Wait...what the hell is docker? And what is a git branch? Nervous, you get something running, but there are red error statements coming out of your terminal. Your mentor takes one look and says "the service can't find the database - point it to localhost:8900." You wait until he/she steps away from the desk, and then you anxiously google what the hell they just said. You did some SQL in your databases class, but these people are using an eight-node Cassandra cluster "because we have too much data for postgreSQL." Your mentor is watching you out of the corner of his/her eye, hoping that you will get up and running soon - it's been four hours and you're still trying to set up your dev environment. Meanwhile, the kid across the aisle from Carnegie Institute of Technology has ten terminal prompts open and is typing at 120wpm while head-banging to Hans Zimmer.

(This is me on my first day at a well known NYC company that makes terminals.)

It's easy to get imposter syndrome at a top company, especially when many of your peers come from top schools. Because there is a higher concentration of experienced software engineers at those schools, students have more exposure to good practices and cutting-edge tooling, which is not necessarily exposed in interviews but will be exposed on the job. Target schools are also willing to spend more resources on faculty and competitive curricula. Because of this, students at these universities are likely to be more comfortable transitioning to real-life software engineering - which can make their coworkers from mid-tier schools feel like they're playing catch-up.

How to Even the Playing Field

So - how do you find success when the odds are against you?

Start Small, and Start Early

For the vast majority of people like Emily, getting into the "Big Four" or a comparable elite startup/hedge fund is a 2-4 year project. It's going to be very difficult to jump straight to one of those companies because you'll likely need to demonstrate some work experience before getting a chance at an interview.

The easiest way to get into an elite company for full-time is as a returning intern. This is because full-time interview processes have many more rounds and many more applicants - you're now competing with not only other college students but people with 1-4 years of experience. This means that you should try to get into an elite internship the summer before senior year.

That gives you two years to build your resume up so that you can get those target interviews. Try to do something the summer after your freshman year, if you can - you'll likely have to find work at a smaller local company or do on-campus research. Literally any relevant work experience is good at this point. The next summer, shoot for a more well-known company. By the time junior year rolls around, you should hopefully have two relevant entries in the "Experience" section. In the meantime, buy Cracking the Coding Interview and work through it. Try to take your Intro to Algorithms class as soon as possible, too, so that you have some practice analyzing and implementing algos.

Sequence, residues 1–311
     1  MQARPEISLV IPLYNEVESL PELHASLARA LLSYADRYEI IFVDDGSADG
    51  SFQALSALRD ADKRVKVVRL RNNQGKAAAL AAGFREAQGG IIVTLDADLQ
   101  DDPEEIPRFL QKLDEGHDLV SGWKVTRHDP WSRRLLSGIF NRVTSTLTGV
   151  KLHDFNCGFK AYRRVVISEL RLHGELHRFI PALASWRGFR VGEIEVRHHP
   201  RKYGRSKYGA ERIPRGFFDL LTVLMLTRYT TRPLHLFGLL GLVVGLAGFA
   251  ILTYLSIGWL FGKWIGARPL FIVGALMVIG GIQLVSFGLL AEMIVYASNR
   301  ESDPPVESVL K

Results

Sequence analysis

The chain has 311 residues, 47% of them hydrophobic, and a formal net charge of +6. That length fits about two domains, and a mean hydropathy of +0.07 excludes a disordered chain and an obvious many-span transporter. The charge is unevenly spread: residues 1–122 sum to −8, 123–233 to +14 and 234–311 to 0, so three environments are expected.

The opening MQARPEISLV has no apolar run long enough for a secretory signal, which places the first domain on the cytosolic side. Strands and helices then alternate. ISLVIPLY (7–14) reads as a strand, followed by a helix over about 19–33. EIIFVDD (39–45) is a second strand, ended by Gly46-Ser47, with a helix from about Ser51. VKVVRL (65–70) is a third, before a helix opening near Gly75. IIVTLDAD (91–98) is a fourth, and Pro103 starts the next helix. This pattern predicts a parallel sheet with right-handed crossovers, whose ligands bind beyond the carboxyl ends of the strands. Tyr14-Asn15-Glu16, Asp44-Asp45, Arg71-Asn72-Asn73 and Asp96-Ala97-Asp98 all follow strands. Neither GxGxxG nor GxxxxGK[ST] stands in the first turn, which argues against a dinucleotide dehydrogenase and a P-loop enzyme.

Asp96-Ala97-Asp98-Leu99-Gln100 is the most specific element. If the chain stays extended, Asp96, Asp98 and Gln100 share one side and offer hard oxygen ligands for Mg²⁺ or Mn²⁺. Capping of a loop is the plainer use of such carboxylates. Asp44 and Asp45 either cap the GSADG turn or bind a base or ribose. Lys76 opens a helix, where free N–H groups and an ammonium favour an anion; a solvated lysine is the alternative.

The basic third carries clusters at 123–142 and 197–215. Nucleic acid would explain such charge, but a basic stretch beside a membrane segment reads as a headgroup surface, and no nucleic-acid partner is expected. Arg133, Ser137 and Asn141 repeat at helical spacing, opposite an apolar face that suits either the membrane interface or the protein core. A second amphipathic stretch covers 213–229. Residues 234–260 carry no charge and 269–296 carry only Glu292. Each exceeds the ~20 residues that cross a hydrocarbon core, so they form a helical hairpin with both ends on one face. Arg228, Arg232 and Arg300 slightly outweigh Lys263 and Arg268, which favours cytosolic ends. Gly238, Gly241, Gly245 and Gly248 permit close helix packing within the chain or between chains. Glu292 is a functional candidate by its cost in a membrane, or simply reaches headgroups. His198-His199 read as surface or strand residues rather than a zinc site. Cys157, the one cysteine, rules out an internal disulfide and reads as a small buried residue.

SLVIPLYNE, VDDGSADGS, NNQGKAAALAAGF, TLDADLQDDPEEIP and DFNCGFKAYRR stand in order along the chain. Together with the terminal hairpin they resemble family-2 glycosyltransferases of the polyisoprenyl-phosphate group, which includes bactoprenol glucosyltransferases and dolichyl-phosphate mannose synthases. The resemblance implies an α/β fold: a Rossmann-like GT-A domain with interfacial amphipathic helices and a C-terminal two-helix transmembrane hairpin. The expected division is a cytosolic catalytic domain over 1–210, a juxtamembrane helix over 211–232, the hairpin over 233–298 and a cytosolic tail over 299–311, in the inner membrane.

Go to Hackathons and Build Side Projects

This is the "gym" of software engineering - you have a chance to learn modern languages/frameworks, as well as meet a bunch of people who are interested in tech. Many events will pay your travel expenses to attend. There are also free meals, t-shirts and in many cases companies looking to recruit. What's not to like?

Have fun at these events, and try to meet people - company reps, attendees, organizers, everyone. Most importantly, build some projects - you can put these on your resume (and if you stay up all night wondering why your node.js app is throwing an invisible error and still like coding, this is definitely the career for you). Need a starter project? Build your own personal website (like this one!) and deploy it. You'll learn a ton about things that are important for real life but that no one will teach you in school: server configs, DNS settings, SSL certs, and more.

Be Relentless, and Think Outside the Box.

This sounds like one of those corporate mottos that you put on a poster to motivate people. I apologize. However, it's true. To be successful, you'll need to put yourself out there and be relentless - perhaps even straight-up aggressive - when looking for a job. Don't just apply online - your resume will likely not even be looked at. Go to LinkedIn, find a university recruiter, and email them. Don't have their email? Guess it (blog post on how to do this reliably coming soon). Go to career fairs, get business cards, and email. Ask your friends, family, professors - anyone that might have a recruiting connection - to help you out. Have a presence on relevant social networks - obviously LinkedIn, but also AngelList, and (the civil) parts of Reddit. Read Hacker News and Product Hunt so you know what the tech community is buzzing about. Have a public GitHub profile, and know what's trending over there.


I was fortunate to be introduced to programming through an intro to Java course in high school. Many of my classmates from that course attended target schools as CS/CE majors, and a large number of them ended up at GoogSoftAmaBook for an internship (or two, or even three). Meanwhile, I found it very difficult to get an interview at those companies, and it took me my entire college career to get in.

The above is a summary of what I learned along the way. I had difficulty getting into those companies not because I was less talented or qualified than any of my high school classmates, but because I had to take a different approach than my target school peers.

It's not easy to be Emily. But you can do it. Good luck!